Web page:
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Cyclists heading west riding in the dedicated bike lanes on Bloor St. West towards Spadina Ave. are photographed on Oct. 3, 2017.

Fred Lum

Amid outcry over a spate of traffic deaths, Toronto Mayor John Tory is pushing for a major increase in this year’s spending on road safety spending.

If approved by council, the $13-million boost would take this year’s budget for road safety to $34-million. The overall spending plan would climb to $100-million over five years, a figure one leading safety advocacy group noted would still be far lower per-capita than in New York.

“I don’t think that’s enough money to get the results we need,” said Jess Spieker, a spokesperson for the group Friends and Families for Safe Streets who criticized the “crocodile tears” of politicians who mourn road deaths while voting against efforts to improve traffic safety.

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This would be the fourth time that Toronto’s road safety plan – introduced in 2016 with a $40-million budget – has been accelerated or beefed up. And the proposed increase came as advocates and regular citizens decried a particularly violent week on city streets. But Mr. Tory rejected suggestions that it takes public outrage to get results.

“Of course, when there is a bad incident that takes place, and there’s some reaction to that, that obviously has some impact on our thinking,” he said. “But I will tell you we’ve been continuously trying to look at ways we can upgrade, accelerate, improve this plan and it has not been in direct response to public, you know, public opinion.”

More than 20 pedestrians and cyclists have been killed on city streets so far in 2018, a rate that puts Toronto on pace for one of its deadliest years in a decade for vulnerable road users.

Over barely 24 hours this week, police announced that a cyclist had been killed by a person driving a large truck, a pedestrian had been killed by a driver who fled and another cyclist, who was hit last month, had died. In another incident a few days later, a motorcyclist was hit and killed by a person driving a sedan, who then fled.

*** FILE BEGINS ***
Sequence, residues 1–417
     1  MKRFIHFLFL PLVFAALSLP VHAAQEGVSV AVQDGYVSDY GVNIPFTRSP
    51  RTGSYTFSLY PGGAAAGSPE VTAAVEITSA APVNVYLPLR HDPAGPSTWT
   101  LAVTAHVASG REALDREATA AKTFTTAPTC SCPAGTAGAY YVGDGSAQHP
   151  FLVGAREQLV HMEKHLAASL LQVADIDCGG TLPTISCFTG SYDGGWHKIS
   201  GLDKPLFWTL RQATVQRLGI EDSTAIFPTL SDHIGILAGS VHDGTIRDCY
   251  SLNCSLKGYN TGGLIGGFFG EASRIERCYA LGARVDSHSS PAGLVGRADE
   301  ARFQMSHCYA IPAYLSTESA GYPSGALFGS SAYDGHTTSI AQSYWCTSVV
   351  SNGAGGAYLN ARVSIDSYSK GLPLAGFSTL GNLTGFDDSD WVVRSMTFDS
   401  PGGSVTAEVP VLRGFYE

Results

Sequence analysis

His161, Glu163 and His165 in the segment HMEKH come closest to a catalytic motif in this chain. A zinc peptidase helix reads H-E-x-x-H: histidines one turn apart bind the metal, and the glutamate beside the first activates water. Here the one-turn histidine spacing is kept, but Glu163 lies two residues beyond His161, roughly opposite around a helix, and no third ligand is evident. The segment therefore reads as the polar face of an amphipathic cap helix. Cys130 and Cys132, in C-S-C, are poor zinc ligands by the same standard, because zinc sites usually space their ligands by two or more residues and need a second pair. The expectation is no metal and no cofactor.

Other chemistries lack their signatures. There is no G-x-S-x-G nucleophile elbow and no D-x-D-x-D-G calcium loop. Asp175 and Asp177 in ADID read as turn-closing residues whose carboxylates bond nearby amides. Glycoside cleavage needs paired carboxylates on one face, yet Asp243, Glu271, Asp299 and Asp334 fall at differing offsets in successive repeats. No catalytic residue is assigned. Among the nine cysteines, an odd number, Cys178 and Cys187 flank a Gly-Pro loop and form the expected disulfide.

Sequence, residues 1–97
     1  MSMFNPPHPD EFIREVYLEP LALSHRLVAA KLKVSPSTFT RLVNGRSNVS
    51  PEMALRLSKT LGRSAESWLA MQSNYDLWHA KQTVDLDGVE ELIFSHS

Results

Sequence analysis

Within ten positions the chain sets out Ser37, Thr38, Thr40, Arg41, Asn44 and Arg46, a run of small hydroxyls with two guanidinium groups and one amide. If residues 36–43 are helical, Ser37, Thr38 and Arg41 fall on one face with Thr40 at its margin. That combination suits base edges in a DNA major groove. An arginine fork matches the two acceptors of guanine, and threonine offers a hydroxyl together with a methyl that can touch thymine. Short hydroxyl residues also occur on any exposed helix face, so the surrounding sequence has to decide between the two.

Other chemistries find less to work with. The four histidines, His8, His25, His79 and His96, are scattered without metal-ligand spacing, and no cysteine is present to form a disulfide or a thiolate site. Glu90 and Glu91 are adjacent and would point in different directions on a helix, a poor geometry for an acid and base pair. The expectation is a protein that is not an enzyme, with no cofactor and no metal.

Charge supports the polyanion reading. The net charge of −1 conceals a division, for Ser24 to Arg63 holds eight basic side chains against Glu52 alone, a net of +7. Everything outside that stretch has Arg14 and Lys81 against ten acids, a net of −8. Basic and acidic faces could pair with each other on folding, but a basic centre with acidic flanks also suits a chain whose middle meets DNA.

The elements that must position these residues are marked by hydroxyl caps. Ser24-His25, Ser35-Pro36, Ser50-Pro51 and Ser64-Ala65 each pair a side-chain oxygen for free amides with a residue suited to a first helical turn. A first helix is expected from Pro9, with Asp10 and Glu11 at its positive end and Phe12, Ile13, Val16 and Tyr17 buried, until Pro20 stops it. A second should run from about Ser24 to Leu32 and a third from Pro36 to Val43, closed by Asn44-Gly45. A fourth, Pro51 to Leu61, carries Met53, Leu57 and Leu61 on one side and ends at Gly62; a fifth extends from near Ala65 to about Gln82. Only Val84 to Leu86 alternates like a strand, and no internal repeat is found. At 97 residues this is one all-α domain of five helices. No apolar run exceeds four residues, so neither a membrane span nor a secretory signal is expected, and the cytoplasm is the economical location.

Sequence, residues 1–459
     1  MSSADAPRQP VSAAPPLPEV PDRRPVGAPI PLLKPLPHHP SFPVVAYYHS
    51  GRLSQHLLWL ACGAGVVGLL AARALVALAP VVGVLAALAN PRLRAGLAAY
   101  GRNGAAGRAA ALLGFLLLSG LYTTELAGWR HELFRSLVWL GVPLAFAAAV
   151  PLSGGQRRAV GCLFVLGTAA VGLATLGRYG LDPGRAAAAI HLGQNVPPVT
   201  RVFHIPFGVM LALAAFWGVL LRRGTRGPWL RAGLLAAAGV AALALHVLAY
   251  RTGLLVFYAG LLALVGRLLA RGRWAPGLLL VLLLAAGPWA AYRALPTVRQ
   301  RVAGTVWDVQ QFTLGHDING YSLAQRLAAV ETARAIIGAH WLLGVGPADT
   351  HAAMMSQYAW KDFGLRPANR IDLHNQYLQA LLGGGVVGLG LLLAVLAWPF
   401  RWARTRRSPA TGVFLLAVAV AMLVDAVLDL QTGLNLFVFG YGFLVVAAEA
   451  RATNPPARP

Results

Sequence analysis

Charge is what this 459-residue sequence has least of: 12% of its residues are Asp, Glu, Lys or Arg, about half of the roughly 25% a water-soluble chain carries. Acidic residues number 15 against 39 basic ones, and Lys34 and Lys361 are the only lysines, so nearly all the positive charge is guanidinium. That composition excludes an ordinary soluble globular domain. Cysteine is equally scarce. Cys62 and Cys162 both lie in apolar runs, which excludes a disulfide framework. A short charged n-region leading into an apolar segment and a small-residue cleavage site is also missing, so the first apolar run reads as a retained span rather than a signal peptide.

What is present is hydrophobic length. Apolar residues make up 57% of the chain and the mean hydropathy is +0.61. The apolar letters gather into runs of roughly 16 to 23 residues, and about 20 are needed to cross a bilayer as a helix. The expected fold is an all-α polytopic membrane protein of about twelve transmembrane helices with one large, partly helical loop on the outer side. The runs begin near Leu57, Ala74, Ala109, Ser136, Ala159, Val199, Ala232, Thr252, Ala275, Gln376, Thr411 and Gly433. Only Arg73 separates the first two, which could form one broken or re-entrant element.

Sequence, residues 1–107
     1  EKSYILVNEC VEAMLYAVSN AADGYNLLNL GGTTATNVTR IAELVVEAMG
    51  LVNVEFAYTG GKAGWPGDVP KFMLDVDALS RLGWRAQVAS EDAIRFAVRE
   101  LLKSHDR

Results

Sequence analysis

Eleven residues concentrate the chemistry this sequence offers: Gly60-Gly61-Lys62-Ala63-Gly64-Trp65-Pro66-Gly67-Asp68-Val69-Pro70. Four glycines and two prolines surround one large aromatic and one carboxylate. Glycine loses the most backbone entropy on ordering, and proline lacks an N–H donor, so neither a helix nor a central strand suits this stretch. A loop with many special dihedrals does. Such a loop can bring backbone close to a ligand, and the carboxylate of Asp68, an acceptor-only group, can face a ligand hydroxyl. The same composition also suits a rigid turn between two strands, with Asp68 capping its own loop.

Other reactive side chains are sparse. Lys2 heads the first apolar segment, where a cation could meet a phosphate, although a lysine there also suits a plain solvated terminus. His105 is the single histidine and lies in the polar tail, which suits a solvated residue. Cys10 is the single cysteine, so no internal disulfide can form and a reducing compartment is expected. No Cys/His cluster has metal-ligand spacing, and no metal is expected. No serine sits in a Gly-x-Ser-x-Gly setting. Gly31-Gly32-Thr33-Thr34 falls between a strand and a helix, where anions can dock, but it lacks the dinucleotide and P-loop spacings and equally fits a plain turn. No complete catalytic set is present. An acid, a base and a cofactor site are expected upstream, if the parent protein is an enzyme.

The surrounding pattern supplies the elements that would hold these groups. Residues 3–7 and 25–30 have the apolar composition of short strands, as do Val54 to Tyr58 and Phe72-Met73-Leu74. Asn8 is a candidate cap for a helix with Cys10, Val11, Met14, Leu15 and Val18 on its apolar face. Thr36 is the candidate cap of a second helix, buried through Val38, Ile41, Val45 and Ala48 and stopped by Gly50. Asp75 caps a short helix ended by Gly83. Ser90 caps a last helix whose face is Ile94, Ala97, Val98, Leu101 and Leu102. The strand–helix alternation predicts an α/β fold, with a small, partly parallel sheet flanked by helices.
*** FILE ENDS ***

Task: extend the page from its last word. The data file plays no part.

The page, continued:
Mr. Tory promised to introduce a motion for the extra road safety funding at next week’s meeting of the executive committee. If it passes there, which it is almost certain to do, council would make the final decision at the end of the month.

According to the mayor, the additional money would include funding for physical changes to the street of the sort that experts say are necessary to get drivers to slow down. “If there are ideas that have worked somewhere else, why shouldn’t we be doing them here?”

Examples of improvements he listed included a doubling of this year’s planned increase of leading pedestrian intervals, which allow those on foot to get a head start at intersections, speeding up of spending on road redesign and a clearing of the backlog for installing speed bumps. Other changes could include repainting at intersections and enhancing bicycle lanes to add visibility.

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In a later briefing, Transportation Service general manager Barbara Gray said that the specifics of where the extra spending would go remain to be worked out, but that the department’s road safety approach wouldn’t fundamentally change.

“I think what you’re going to see when we come back with the plan is that the tools haven’t changed all that much,” she said, “but the deployment and the number that we’re able to deploy will have changed through the extra resources.”

Ms. Gray, who assumed her role after the initial road safety plan was crafted by staff and adopted by council, called $100-million over five years “a pretty significant investment.”

The Friends and Families for Safe Streets spokesperson disagreed, arguing that the figure is less impressive than it appears. Ms. Spieker noted that New York’s four-year road safety plan amounted to about US$38 per resident per year. Toronto’s five-year plan, even if the funding announced Friday is approved, would work out to barely $7 per resident per year.

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